Hey BigBlue,

As always, thank you for replying quickly. I have more statements/questions on my setup.

I've done some reading on heads, and seen that the AFR's are a common but great modification to liven up things with the motor.

As far as the 35-512-8 cam goes, it says "for computer controlled EFI" engines, and I have a Holley 600 on my 95 Mustang motor, does the computer controlled part really matter, or is the camshaft still relevant? The motor used to have EFI before a previous owner evidently took it off.

Also, the cam says RPM range 800-4800, is that the mechanical limit of the camshaft or just the power band in which it is designed for?

Lastly, just to clarify, since I am letting the engine "breathe" better, would it be ideal to get a bigger carburetor than what I have now, or stick with the 600?

Thanks again Blue.
 

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EFI doesnt really matter if you're carbed when picking cam. You'd be better off calling a reputable camshaft supplier and telling then your needs paired with your modifications. Heads will do alot for you matched with a good cam. The cheat code would be regearing to pump your acceleration and would also increase your rpms in OD so you maintained 4th better.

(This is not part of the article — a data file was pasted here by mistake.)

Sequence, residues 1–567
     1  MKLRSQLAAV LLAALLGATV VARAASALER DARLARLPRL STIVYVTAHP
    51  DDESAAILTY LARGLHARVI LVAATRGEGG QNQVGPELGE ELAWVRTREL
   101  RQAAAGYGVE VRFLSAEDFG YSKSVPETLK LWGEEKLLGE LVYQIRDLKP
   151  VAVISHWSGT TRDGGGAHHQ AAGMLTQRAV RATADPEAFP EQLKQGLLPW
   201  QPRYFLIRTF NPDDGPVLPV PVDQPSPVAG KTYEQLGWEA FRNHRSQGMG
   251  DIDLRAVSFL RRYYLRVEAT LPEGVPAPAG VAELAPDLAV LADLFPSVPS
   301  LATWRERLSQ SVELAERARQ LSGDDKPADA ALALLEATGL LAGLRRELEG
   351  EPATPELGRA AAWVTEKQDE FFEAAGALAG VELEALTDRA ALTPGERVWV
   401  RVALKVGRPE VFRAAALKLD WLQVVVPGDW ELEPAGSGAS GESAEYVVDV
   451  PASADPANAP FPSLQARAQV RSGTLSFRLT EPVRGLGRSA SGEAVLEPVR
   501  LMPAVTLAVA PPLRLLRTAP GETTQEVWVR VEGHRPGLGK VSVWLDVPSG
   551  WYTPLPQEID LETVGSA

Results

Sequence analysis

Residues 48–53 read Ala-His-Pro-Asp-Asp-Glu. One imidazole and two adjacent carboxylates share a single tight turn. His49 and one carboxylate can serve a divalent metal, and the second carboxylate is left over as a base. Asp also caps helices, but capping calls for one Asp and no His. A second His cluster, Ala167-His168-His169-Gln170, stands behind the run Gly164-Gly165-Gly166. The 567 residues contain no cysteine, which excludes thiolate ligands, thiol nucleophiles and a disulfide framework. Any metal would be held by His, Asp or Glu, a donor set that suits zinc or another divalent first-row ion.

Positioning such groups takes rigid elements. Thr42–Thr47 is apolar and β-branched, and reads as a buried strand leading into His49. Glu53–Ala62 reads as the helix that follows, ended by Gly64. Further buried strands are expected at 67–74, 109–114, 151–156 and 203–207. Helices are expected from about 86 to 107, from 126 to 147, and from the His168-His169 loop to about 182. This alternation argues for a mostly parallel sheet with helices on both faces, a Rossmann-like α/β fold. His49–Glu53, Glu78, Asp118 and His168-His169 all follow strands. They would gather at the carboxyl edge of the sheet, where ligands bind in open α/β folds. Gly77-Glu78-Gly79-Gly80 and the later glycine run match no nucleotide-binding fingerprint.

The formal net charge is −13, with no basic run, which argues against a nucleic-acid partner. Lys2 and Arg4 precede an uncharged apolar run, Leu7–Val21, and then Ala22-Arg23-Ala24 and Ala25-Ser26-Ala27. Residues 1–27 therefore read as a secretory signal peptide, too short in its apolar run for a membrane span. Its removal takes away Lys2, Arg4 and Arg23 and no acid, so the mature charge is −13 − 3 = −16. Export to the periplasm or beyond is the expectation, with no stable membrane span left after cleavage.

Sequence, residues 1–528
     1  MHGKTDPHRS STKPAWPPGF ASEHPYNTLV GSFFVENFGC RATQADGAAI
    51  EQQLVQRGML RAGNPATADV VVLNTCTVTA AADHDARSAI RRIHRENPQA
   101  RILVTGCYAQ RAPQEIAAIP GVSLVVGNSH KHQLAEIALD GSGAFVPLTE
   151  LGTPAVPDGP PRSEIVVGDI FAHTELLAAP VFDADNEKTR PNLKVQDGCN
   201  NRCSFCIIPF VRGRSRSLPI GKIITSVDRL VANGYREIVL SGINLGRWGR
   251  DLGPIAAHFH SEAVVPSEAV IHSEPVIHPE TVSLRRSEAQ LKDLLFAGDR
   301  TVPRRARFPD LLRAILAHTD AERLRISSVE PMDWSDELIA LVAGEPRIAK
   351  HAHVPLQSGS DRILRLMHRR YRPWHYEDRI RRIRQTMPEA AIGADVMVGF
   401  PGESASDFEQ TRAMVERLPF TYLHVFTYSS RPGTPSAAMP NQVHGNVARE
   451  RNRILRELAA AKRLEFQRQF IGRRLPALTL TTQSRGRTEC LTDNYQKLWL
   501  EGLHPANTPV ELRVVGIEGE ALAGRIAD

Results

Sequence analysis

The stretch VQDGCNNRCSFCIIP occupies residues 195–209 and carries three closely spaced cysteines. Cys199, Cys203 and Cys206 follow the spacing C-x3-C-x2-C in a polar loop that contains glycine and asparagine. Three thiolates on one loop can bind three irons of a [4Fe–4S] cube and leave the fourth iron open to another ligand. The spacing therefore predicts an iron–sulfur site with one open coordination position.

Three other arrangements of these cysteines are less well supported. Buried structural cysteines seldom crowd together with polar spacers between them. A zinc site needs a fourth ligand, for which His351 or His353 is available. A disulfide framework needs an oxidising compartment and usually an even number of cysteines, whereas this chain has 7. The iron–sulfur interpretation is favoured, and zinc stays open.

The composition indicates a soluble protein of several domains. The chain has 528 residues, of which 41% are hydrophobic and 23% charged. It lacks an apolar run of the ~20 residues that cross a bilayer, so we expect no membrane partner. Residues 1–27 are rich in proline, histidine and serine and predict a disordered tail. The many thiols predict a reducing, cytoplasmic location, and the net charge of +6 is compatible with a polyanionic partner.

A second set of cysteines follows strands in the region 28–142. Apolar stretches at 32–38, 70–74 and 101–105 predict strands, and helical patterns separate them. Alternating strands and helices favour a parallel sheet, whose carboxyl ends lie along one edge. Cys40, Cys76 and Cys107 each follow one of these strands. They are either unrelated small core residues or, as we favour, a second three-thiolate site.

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Hey BigBlue,

As always, thank you for replying quickly. I have more statements/questions on my setup.

I've done some reading on heads, and seen that the AFR's are a common but great modification to liven up things with the motor.

As far as the 35-512-8 cam goes, it says "for computer controlled EFI" engines, and I have a Holley 600 on my 95 Mustang motor, does the computer controlled part really matter, or is the camshaft still relevant? The motor used to have EFI before a previous owner evidently took it off.

Also, the cam says RPM range 800-4800, is that the mechanical limit of the camshaft or just the power band in which it is designed for?

Lastly, just to clarify, since I am letting the engine "breathe" better, would it be ideal to get a bigger carburetor than what I have now, or stick with the 600?

Thanks again Blue.